About the master teachers:

Recognized worldwide as one of today's most exciting vocal stars, mezzo-soprano Denyce Graves continues to garner unparalleled acclaim in performances around the world. This season, she makes her debut at the Glimmerglass Festival in the title role in the world premiere of The Passion of Mary Caldwell Dawson, with music by Carlos Simon set to text by Sandra Seaton. Recent engagements include performances in a program hosted by Tulsa Opera, entitled Greenwood Overcomes, honoring the centennial of the Tulsa Race Massacre, as well as appearances at the Teatro Colón as Erda in Das Rheingold and at Cincinnati Opera as Madame de la Haltière in Cendrillon. Graves has become most beloved to operatic audiences for her portrayals of the title roles in Carmen and Samson et Dalila, which have brought her to the world's most renowned opera houses, including the Metropolitan Opera, Vienna Staatsoper, Royal Opera House, Covent Garden, San Francisco Opera, Opéra National de Paris, and Lyric Opera of Chicago. Additionally, she has worked with the finest symphony orchestras and conductors in a wide range of repertoire, and for two decades has been a prolific recording artist. A native of Washington, D.C., Graves received her education at the Oberlin College Conservatory of Music and New England Conservatory. She is the recipient of many awards, including the Grand Prix du Concours International de Chant de Paris and Marian Anderson Award. She is a member of the voice faculty at the Peabody Institute, and recently became a distinguished visiting faculty member at The Juilliard School. Graves has sung at a number of major national events, most recently at the funeral of Supreme Court Justice Ruth Bader Ginsburg, where she gave a moving rendition of Gene Scheer's American Anthem.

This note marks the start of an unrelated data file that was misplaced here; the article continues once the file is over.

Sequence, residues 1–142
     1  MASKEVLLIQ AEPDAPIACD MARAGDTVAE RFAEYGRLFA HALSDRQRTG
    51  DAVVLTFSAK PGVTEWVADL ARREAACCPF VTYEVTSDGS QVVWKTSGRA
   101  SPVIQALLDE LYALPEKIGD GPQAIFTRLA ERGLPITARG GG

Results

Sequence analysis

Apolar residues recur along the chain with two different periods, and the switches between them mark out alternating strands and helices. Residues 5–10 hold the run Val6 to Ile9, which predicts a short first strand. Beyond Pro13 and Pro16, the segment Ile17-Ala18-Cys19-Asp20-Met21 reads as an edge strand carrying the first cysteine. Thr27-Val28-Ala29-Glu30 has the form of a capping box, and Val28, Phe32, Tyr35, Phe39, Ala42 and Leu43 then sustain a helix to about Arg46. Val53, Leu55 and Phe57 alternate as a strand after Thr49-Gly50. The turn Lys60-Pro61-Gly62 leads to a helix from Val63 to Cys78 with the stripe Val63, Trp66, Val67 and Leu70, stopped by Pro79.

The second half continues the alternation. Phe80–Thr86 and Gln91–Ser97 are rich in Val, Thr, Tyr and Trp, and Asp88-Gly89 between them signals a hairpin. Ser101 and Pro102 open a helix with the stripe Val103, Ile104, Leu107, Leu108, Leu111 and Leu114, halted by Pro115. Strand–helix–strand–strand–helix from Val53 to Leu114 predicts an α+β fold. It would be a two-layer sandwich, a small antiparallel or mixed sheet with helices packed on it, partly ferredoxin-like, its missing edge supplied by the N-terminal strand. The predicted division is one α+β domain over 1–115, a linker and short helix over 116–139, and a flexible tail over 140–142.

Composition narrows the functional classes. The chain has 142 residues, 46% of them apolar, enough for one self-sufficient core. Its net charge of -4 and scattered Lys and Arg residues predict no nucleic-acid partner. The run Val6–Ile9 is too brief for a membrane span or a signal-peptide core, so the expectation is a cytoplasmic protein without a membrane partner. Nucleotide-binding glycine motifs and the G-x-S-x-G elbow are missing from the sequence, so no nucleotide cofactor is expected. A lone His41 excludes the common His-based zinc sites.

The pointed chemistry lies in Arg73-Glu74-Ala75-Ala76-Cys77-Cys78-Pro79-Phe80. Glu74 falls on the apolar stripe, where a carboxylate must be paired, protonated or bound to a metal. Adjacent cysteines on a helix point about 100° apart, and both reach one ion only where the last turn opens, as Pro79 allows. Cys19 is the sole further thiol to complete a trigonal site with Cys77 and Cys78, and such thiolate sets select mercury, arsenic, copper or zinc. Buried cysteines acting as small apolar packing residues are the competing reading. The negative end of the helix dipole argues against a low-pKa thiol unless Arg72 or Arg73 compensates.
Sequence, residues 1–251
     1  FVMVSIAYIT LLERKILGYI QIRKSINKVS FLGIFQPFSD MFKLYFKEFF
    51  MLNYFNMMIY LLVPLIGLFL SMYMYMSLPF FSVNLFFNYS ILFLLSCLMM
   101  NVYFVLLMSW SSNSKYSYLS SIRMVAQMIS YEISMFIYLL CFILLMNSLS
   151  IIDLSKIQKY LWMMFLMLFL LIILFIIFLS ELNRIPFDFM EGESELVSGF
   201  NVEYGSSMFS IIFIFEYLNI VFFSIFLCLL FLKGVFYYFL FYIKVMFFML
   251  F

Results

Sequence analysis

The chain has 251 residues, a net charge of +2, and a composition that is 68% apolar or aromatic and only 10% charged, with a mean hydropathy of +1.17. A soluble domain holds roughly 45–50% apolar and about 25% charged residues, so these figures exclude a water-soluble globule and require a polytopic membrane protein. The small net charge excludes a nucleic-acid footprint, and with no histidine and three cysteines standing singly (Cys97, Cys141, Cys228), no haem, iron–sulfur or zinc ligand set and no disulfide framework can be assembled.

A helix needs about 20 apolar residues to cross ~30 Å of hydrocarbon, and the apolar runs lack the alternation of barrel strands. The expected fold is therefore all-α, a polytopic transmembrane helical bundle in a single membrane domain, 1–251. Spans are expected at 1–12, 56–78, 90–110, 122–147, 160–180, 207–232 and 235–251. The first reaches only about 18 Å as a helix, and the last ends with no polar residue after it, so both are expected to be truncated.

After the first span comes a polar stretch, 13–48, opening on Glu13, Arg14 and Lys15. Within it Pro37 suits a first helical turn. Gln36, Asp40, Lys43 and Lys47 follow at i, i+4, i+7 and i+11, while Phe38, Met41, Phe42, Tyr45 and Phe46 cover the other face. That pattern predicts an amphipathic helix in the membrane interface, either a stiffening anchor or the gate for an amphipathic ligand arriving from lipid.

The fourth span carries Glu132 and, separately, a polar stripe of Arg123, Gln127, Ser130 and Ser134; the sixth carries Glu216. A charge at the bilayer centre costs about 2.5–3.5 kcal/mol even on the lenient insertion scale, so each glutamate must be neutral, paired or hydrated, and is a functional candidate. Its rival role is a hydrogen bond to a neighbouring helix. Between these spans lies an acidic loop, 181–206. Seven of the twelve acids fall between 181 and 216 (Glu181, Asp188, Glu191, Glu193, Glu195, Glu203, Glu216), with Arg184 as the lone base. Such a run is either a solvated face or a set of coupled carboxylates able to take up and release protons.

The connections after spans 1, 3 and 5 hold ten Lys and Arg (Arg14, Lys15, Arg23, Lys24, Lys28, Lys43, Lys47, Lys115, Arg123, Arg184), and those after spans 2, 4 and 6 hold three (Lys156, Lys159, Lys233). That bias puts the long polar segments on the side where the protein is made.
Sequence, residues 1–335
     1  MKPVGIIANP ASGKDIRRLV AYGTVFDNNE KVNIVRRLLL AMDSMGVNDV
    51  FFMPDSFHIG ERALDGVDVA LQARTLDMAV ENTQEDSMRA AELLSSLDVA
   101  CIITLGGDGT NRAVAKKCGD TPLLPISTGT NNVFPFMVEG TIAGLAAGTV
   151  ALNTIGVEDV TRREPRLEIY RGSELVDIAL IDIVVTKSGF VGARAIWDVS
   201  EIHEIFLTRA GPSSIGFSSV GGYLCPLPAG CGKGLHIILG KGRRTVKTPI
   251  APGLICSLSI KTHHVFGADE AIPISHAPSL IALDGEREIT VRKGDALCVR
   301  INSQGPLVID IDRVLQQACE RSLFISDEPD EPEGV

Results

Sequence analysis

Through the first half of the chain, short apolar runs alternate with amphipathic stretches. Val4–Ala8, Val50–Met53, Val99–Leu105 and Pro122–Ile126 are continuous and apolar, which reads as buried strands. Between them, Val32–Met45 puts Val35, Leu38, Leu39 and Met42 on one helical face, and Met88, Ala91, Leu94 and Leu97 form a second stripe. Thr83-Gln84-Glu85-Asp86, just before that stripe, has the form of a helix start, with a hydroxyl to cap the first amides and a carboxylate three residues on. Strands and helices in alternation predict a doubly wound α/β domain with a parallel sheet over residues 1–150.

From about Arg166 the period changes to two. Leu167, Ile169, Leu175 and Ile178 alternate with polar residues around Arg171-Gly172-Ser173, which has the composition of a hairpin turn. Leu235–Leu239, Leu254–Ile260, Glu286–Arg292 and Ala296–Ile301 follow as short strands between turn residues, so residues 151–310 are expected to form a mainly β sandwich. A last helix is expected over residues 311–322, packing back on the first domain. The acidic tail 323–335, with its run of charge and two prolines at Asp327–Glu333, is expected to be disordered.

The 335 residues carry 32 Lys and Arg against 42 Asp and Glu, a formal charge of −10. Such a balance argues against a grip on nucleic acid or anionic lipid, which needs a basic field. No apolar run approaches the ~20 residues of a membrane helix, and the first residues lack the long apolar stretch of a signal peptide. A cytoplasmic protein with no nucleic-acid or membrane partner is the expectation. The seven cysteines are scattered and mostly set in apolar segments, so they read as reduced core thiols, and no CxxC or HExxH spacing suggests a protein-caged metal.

American pianist Howard Watkins is an assistant conductor at the Metropolitan Opera and frequent associate of some of the world's leading musicians on the concert stage. His appearances throughout the Americas, Europe, Asia, Russia, and Israel have included collaborations with Joyce DiDonato, Diana Damrau, Kathleen Battle, Grace Bumbry, Mariusz Kwiecien, Anna Netrebko, and Matthew Polenzani. His current and former faculty affiliations include The Juilliard School, Bard College Conservatory of Music, Yale School of Music as a Visiting Presidential Fellow, Tanglewood Music Center, Aspen Music Festival, Mannes School of Music, North Carolina School of the Arts, International Vocal Arts Institute (Israel, Japan, and China), IIVA in Italy, Brancaleoni Music Festival in Italy, Tokyo International Vocal Arts Academy (TIVAA), and VOICExperience in Orlando, Tampa, and Savannah. Currently a guest Master Coach for the Cafritz Young Artists of Washington Opera and Opera Theater of St. Louis, Watkins has worked on the music staffs of Palm Beach Opera, Washington National Opera, and Los Angeles Opera. A native of Dayton, Ohio, Watkins completed the Doctor of Musical Arts degree in Accompanying and Chamber Music at the University of Michigan. Honored as the 2004 recipient of the Paul C. Boylan award from the University of Michigan for his outstanding contributions to the field of music, Watkins is also the 2019 recipient of the Lift Every Voice Legacy Award from the National Opera Association.